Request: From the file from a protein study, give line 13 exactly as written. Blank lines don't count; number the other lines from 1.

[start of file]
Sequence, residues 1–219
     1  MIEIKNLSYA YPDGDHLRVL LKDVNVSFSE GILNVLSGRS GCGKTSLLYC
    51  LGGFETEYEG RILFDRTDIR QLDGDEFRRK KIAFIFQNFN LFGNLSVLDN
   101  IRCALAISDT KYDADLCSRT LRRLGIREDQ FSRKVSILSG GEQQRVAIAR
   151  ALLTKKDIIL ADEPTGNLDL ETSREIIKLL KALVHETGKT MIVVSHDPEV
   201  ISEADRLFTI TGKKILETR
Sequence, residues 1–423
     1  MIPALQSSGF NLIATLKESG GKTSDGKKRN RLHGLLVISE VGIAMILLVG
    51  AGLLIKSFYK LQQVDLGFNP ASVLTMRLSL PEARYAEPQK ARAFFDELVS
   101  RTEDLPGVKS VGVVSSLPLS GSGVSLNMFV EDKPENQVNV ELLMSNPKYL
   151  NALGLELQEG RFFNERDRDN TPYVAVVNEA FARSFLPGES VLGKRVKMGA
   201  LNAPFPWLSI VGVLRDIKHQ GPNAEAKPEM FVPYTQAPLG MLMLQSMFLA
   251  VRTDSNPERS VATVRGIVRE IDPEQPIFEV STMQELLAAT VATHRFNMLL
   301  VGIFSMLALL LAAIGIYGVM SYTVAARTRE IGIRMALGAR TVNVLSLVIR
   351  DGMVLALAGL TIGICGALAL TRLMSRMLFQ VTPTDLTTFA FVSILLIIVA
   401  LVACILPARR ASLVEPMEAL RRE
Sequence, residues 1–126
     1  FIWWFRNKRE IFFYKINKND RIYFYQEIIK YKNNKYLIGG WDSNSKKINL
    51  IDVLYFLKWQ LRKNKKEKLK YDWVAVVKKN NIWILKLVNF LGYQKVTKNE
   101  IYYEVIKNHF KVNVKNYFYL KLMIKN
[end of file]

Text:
   251  VRTDSNPERS VATVRGIVRE IDPEQPIFEV STMQELLAAT VATHRFNMLL